I am interested in mild, target loads using lead bullets so have no interest in hot loads or max velocities with this revolver.  Can you tell me what cartridges are safe to use in this gun.  I tried a 32 S&W long cartridge in the cylinder and it appeared to fit OK for length and diameter but I didn't attempt to fire it.

Thank you in advance for any help you can provide or any comments or information about this 32 revolver.

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Dale53 posted this 18 March 2007

I'm not Ed, but you might want to look at this:

http://www.gunblast.com/Cumpston32Colt.htm

This cartridge should be the same as the .32 S&W Long and the load I gave just above should work well in this revolver. These Colt revolvers are nice pieces and you should thoroughly enjoy it.

The RCBS 98 Gr Keith should be a dandy bullet for this. Lee also has a couple of moulds that will work well.

Hornady and Speer both offer HB WadCutters that are often used with 1.8 Bullseye or 2.2 grs of Win 231 when seated nearly flush with the case mouth.

I don't recommend reloading the old break open .32's due to their lack of strength.

Your Colt Police Positive, in good condition, will have no trouble with these loads.

The .32 S&W L is a Very useful little cartridge. Not only is it quite accurate, but it is a dandy cartridge for edible small game.

Dale53

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Balhincher posted this 18 March 2007

Dale53,

Thanks for the quick reply.  I'll check out the reference you mention in the link.  I am indeed looking forward to shooting this little Colt.  I was hoping that it was suitable for the S&W Long.

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RicinYakima posted this 18 March 2007

The easiest way to see if it is for the Colt or S&W based cartridge is to look into the cylinder. The Colt for their heeled bullet is bored smooth all the way through, the S&W for their crimped bullet has a shoulder in the front of the cylinder, as in all modern revolvers. Ric

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Balhincher posted this 18 March 2007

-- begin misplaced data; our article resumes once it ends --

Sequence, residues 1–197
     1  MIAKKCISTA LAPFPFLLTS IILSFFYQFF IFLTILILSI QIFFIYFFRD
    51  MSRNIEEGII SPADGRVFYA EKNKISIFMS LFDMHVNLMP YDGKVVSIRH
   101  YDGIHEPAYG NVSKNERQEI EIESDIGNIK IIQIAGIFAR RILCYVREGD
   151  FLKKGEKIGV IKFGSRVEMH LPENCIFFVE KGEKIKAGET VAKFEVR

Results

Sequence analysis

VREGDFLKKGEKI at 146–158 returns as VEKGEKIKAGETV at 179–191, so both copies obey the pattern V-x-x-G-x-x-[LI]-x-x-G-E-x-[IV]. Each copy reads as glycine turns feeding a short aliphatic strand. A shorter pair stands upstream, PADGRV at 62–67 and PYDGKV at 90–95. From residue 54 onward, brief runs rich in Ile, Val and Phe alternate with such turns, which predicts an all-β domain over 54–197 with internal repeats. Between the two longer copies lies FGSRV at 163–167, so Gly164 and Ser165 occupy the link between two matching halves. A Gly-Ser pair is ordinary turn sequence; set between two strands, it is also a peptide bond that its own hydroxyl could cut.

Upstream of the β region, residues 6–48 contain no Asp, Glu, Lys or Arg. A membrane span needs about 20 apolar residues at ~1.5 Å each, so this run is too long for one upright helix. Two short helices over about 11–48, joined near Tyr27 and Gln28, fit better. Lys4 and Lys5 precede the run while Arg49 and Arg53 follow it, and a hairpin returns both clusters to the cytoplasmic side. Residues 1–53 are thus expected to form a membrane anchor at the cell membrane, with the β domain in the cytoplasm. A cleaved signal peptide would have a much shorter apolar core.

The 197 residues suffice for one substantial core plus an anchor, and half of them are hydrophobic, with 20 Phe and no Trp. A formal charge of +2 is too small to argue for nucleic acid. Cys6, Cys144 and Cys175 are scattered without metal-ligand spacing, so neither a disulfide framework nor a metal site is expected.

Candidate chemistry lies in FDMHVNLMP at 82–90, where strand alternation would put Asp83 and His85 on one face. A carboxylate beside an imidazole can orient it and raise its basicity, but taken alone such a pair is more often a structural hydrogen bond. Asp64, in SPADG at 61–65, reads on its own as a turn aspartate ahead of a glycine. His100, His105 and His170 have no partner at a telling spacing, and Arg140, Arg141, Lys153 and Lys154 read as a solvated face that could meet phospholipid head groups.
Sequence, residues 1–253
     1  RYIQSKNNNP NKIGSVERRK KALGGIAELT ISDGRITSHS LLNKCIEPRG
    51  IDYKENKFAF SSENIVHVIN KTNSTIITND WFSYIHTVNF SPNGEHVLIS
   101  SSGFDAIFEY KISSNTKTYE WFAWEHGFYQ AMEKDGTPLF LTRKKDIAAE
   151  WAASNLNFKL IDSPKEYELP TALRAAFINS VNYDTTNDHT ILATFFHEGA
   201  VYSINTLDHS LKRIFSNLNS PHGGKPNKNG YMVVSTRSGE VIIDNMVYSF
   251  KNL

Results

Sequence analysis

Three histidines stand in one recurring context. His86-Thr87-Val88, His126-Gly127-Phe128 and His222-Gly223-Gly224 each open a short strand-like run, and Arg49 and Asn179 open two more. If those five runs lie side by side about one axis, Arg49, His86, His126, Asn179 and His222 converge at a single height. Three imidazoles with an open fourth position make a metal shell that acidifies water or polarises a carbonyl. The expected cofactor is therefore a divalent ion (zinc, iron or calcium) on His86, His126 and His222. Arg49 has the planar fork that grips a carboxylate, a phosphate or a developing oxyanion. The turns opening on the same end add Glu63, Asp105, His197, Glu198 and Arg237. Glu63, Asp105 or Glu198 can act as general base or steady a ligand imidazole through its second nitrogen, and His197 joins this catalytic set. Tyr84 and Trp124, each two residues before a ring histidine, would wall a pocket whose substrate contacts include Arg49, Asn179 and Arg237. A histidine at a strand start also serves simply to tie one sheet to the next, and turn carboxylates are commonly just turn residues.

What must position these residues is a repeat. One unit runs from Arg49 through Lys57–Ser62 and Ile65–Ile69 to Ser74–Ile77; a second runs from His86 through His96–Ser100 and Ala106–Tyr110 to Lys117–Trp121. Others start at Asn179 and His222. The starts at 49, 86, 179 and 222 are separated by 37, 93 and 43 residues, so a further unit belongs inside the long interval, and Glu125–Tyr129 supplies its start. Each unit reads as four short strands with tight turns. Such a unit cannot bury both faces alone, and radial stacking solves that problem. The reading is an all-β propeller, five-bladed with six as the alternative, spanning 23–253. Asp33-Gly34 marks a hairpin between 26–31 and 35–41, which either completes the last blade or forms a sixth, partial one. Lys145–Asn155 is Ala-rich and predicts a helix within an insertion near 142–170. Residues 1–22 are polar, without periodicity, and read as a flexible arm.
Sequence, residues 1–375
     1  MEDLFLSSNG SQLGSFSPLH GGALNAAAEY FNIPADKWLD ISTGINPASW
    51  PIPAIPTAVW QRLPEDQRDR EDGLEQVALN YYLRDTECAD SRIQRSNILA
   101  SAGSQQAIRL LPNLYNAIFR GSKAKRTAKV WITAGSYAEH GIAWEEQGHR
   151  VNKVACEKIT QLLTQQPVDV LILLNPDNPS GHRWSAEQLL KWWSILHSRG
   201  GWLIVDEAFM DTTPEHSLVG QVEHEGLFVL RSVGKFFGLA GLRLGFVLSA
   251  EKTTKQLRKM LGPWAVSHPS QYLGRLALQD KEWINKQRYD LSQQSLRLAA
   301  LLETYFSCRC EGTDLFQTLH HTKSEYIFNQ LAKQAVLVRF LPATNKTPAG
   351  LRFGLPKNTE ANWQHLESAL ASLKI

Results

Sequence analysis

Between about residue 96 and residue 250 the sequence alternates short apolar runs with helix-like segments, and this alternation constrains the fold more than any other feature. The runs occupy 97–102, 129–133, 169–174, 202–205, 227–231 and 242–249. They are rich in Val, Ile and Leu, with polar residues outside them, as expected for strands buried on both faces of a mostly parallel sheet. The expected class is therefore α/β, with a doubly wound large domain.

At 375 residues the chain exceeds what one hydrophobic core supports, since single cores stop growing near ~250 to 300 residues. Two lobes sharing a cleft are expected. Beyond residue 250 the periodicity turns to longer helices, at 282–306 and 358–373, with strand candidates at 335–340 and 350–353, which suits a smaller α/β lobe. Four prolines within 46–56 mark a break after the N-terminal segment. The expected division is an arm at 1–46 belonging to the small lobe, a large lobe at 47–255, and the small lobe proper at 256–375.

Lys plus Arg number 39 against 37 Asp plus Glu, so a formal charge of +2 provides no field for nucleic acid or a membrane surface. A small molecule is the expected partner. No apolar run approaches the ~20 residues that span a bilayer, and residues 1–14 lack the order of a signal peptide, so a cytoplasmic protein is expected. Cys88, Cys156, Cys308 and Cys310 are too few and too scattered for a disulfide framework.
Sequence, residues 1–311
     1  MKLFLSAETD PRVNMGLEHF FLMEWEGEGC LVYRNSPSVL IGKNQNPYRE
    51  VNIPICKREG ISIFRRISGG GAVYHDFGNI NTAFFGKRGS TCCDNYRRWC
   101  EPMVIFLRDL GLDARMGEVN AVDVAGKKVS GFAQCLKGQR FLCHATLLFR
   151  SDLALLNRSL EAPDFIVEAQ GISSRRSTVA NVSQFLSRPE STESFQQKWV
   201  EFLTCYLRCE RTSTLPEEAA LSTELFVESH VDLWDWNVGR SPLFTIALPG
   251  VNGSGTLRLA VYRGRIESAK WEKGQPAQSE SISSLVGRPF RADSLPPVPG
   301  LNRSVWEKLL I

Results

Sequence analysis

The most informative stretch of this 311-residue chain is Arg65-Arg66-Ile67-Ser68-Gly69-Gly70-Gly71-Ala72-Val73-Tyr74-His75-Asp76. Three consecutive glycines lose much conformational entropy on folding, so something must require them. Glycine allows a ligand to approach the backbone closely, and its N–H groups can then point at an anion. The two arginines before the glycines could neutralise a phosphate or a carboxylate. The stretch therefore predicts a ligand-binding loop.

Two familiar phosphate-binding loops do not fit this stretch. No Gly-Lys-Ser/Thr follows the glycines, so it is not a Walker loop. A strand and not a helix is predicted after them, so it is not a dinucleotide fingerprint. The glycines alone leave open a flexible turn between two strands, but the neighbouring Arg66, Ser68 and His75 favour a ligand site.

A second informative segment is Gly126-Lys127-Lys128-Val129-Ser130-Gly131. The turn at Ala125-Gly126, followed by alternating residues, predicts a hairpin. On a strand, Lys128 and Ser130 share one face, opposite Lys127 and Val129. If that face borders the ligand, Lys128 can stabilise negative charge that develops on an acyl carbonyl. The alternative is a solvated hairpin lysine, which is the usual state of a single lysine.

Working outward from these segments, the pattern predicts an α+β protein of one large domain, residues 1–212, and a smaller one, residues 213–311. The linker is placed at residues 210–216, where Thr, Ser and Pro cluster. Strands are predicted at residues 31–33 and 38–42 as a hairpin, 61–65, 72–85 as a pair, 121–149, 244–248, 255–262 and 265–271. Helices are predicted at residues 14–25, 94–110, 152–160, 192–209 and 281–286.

Thank you for the comment.

I checked the cylinders and they do indeed have a shoulder in them (are not smooth all the way through).  The cylinder is about 1.25 inches long and the shoulder appears to be approximately a quarter inch from the front.  I didn't measure it but this is just an estimate.  Do you think that means it is intended for a S&W long or equivalent Colt round?

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Dale53 posted this 18 March 2007

As Balhincher states, the cylinder has a smaller diameter “throat” if it is for the S&W Long. Another easy “test” is if it chambers the larger in diameter S&W Long, then it is FOR the S&W Long. The S&W long is larger in diameter and won't chamber in a revolver chambered for the .32 Colt Long or Short.

It IS kind of confusing, but the .32 S&W Long and the .32 Colt New Police are the same cartridge. In factory form, the S&W L version was/is a round nose and the Colt version is a Round Flat Nose.

My favorite bullet for the .32 S&W Long is a Keith Style semi-wadcutter as exemplified by the RCBS 98 SWC bullet mould. Lee also has a TL314-90-SWC bullet mould that does well. Lee, at one time, also offered a full solid base wadcutter in the “tumble lubes style", but, alas, no longer offers it. RCBS still offers a nice two cavity full wadcutter.

AS I stated above my preference for a general use AND target use with my revolvers is for a good SWC. I was fortunate in getting in on a Group Buy six Cavity custom Lee mould for a 100 gr SWC. If I had not been able to do that, I would have purchased the RCBS two cavity bullet mould for their version of the SWC.